It was eight years ago this December that the general manager of the Boston Red Sox and a very visible agent agreed to one of the richest contracts in baseball history.
I refer to the deal that made the then free agent Manny Ramirez a member of the Red Sox as he signed an eight-year contract for $160 million. Oh yes, the agreement included two option years held by the team.
You will want to keep those option years in mind because they become more meaningful as the story progresses.
The general manager of Boston at the time was Dan Duquette and he has been highly criticized by a number of those who pay close attention to the well-chronicled adventures of the Red Sox.
Duquette took time from his busy schedule this week to counter some of the criticism that has come his way related to the Ramirez contract.
"Manny was one of the most productive power hitters in the history of baseball during his time with the Red Sox and the team won two World Series. He was the MVP of the World Series in 2004 and finished second in the voting last year.
"He helped to drive both attendance and television ratings and revenue to record levels and he enabled the team to develop players as he was in the middle of the lineup on a regular basis."
Asked if he would make the same deal again, Duquette replied, "There's no question about it. Manny delivered for the Red Sox and it paid off."
Duquette recalled that Boston wanted to sign Ramirez to a seven-year contract but the agent and the player wanted eight years. "We went to eight and were able to gain the two option years," said Duquette.
Duquette didn't have the opportunity to be in the GM chair when Ramirez helped lead the Red Sox to their long-awaited World Series victory in 2004. He had been replaced when a new ownership group hired Theo Epstein.
The agent for Ramirez also moved on. That would be Jeff Moorad, who left the business of representing players to become a partner and top executive for the Arizona Diamondbacks.
Moorad will forever be connected to Ramirez, not only because of the deal he made with Boston but because he allowed a crew from ESPN to follow many key parts of the negotiations for the free agent he was representing.
Moorad was determined to get Ramirez to the $20 million a season mark but he never could have imagined that his former client would turn out to be a major obstacle for the team he now directs.
Oh, those darn option years in Ramirez's contract. You see, it was Ramirez who didn't like the fact that the Red Sox held options for $20 million a season for each of the next two years and there was no spoken commitment coming from the team.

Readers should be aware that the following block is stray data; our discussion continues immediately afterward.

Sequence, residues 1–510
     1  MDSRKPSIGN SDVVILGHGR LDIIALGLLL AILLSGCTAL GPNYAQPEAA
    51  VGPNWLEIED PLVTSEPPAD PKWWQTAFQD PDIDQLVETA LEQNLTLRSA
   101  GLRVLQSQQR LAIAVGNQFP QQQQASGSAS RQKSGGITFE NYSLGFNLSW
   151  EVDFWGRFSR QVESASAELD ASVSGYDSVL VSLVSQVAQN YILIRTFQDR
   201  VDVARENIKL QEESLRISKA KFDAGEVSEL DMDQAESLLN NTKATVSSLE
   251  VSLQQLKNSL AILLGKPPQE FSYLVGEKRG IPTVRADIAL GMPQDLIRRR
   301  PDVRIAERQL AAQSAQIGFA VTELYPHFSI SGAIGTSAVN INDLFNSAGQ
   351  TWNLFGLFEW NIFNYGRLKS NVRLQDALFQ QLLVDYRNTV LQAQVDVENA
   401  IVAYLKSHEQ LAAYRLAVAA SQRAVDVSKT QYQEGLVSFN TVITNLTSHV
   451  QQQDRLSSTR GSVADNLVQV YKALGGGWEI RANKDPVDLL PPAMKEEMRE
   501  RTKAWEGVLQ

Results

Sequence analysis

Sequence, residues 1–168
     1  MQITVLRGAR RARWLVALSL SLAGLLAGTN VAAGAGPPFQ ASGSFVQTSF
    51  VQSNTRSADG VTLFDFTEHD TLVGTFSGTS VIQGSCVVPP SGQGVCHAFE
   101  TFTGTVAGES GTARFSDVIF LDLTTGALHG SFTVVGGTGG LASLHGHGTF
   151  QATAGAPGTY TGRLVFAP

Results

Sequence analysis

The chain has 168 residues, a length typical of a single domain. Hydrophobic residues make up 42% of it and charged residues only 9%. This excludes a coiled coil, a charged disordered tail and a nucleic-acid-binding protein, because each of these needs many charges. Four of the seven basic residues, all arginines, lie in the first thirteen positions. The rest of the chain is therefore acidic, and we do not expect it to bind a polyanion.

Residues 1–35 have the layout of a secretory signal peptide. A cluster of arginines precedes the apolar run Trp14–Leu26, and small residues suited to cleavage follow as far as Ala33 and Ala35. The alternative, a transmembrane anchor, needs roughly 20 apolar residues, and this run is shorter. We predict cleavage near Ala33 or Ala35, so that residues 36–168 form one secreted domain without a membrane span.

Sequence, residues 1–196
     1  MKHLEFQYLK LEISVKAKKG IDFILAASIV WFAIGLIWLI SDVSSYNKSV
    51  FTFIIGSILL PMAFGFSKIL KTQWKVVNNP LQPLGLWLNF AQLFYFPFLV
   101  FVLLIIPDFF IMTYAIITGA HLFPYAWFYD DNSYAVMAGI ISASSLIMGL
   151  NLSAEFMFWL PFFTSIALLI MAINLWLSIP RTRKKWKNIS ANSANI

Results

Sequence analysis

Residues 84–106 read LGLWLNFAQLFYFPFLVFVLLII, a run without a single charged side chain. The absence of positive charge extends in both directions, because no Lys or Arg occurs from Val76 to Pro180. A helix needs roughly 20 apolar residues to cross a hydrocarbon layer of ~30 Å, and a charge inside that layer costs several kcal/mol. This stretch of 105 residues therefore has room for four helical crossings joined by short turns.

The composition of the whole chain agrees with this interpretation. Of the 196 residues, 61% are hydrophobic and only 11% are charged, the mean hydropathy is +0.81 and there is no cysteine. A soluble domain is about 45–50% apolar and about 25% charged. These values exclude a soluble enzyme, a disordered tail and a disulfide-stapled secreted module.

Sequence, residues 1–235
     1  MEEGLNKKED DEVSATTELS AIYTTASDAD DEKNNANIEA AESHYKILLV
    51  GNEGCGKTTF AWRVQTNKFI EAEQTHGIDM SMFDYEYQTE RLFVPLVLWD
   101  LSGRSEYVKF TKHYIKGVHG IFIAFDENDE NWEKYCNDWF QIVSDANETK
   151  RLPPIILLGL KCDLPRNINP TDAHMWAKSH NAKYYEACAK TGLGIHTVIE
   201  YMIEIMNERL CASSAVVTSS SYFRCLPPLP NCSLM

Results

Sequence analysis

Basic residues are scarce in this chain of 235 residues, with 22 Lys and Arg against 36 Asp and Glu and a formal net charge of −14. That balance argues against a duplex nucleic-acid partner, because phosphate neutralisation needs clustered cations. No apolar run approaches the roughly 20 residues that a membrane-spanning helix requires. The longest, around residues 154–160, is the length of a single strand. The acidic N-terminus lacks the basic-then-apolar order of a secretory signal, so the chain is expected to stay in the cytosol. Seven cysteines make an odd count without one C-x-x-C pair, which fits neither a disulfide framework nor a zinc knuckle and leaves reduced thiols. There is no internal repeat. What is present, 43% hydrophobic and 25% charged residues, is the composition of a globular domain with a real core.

It was an understandable position for the Red Sox, who wanted to see how things played out. Understandable, that is, to all but Ramirez. The slugger was making it clear he wasn't happy the way things were playing out with Boston, telling a reporter from ESPNDeportes the Red Sox "don't deserve a player like me."
And so the Red Sox last week were willing to drop the option years to get Ramirez to waive his right to block a deal.
After all of the team-player-agent maneuvering, Ramirez agreed to a trade to the Dodgers. He landed at Dodger Stadium and right in front of Moorad as the Diamondbacks were in Los Angeles to battle their chief rival in the National League West.
To say that Ramirez made a positive impact on the Dodgers - -and a negative one on Moorad's team -- is an understatement.
Ramirez has given the Dodgers new life and the Diamondbacks know they have a large hurdle placed in their way in their bid for a spot in postseason play.
It all started with so much hope for Duquette and Moorad when the deal was signed.
Now, here we are today, Duquette running a baseball camp and collegiate team in the Boston area and staying busy with the game in various ways but not as a GM; Moorad hoping to see his Diamondbacks have a good season and reach the postseason; and Manny, well, as they say, is "Manny being Manny."
The Red Sox were hoping for production when they signed Ramirez. That's what Moorad had promised.
There's no way in the world the agent-turned-team executive could have imagined that production would now be playing out near Hollywood.
You get the feeling this has gone beyond the cameras of ESPN. There has to be a full-blown movie coming soon.
Fred Claire was a member of the Los Angeles Dodgers from 1969-98, serving the team as executive vice-president and general manager. His book "Fred Claire: My 30 Years in Dodger Blue" was published last year by SportsPublishingLLC. This story was not subject to the approval of Major League Baseball or its clubs.